The viewport-percentage lengths are relative to the size of the initial containing block. When the height or width of the initial containing block is changed, they are scaled accordingly. However, when the value of overflow on the root element is auto, any scroll bars are assumed not to exist.
This is fine if we have overlay scrollbars, and scrollbar-gutter is auto or stable, since no space is consumed for the scrollbar anyway.
This seems regrettable, but probably unavoidable, if we have classic scrollbars and scrollbar-gutter is auto, since the presence or absence of scrollbars will depend on layout, and having the viewport units depend on layout is problematic.
However, if we have classic scrollbars and scrollbar-gutter is stable (or always, which does the same thing in the case of classic scrollbars), it would seem much preferable for the viewport percentage units to be relative to the ICB as reduced by the always-present gutter.
For overlay scrollbars with analwaysscrollbar-gutter, I suspect it should they should also be relative to the ICB as reduced by the always-present gutter, but I am less sure, and the answer might depend on the resolution to #5253.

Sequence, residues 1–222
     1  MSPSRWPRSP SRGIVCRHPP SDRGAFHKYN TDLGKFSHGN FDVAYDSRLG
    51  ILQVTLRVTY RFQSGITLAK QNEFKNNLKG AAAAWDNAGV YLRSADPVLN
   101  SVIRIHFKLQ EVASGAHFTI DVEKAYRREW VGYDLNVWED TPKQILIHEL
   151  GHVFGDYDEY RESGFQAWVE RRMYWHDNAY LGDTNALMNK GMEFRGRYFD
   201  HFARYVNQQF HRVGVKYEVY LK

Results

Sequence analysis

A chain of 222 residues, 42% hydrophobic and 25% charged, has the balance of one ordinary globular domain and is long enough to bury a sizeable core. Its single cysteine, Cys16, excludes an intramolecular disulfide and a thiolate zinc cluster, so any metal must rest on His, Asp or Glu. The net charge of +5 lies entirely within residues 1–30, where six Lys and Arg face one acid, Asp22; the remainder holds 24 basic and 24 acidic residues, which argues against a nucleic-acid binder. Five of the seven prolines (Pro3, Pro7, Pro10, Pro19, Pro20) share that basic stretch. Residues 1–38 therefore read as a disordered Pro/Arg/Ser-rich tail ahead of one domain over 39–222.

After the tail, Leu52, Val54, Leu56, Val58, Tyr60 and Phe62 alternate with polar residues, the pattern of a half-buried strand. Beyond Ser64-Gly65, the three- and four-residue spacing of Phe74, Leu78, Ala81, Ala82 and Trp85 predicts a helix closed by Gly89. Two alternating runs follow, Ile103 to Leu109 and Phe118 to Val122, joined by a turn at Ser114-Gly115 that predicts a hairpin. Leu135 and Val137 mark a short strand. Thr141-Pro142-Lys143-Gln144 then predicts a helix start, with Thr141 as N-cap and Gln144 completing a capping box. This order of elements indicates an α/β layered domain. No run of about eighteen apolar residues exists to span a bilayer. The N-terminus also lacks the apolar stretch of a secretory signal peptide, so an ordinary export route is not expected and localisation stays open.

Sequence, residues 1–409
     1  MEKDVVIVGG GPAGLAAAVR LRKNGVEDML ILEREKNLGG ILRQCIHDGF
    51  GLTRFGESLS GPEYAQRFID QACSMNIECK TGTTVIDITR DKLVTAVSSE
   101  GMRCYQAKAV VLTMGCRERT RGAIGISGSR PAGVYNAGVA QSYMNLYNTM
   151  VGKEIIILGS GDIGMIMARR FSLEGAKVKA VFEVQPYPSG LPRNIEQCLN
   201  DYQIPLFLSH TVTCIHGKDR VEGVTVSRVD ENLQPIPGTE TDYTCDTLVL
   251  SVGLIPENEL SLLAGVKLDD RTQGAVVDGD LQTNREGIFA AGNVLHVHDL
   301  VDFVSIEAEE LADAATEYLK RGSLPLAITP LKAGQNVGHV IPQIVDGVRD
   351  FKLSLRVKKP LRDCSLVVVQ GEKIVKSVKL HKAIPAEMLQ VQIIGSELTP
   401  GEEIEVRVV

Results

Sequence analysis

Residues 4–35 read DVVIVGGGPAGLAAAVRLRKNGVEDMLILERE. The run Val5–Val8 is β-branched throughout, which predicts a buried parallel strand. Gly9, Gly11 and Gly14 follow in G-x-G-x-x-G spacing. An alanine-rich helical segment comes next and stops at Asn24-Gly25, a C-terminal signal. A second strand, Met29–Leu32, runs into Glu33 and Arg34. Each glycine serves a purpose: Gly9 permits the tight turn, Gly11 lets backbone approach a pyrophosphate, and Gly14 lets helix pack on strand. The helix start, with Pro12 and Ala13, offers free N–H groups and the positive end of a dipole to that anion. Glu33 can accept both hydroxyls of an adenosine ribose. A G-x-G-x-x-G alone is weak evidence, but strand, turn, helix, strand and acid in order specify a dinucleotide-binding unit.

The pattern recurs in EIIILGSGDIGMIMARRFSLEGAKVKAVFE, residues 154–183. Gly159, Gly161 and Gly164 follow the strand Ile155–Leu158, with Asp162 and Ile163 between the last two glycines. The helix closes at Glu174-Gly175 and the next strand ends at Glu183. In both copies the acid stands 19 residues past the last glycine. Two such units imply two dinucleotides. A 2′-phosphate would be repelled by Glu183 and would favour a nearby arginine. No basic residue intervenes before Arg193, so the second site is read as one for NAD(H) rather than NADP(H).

The text was updated successfully, but these errors were encountered:
I've seen things as outlandish as introducing new units to css just to avoid changing the root problems with the default implementation of vh/vw, both on desktop and mobile. Why don't we implement something like the box-sizing rule, but for scrollbars, to switch whether or not the scrollbar or chrome is considered a part of the viewport or not? There doesn't need to be a debate on how vw/vh should work if the individual user can decide for themselves.
Call it something like "viewport-box" maybe, and have the options be like "chrome-(inside|outside), scroll-(inside|outside)", with chrome-ouside & scroll-inside being the default as it is now. No worrying about backwards compatibility, just make the current implementation the default and put the onus on the user.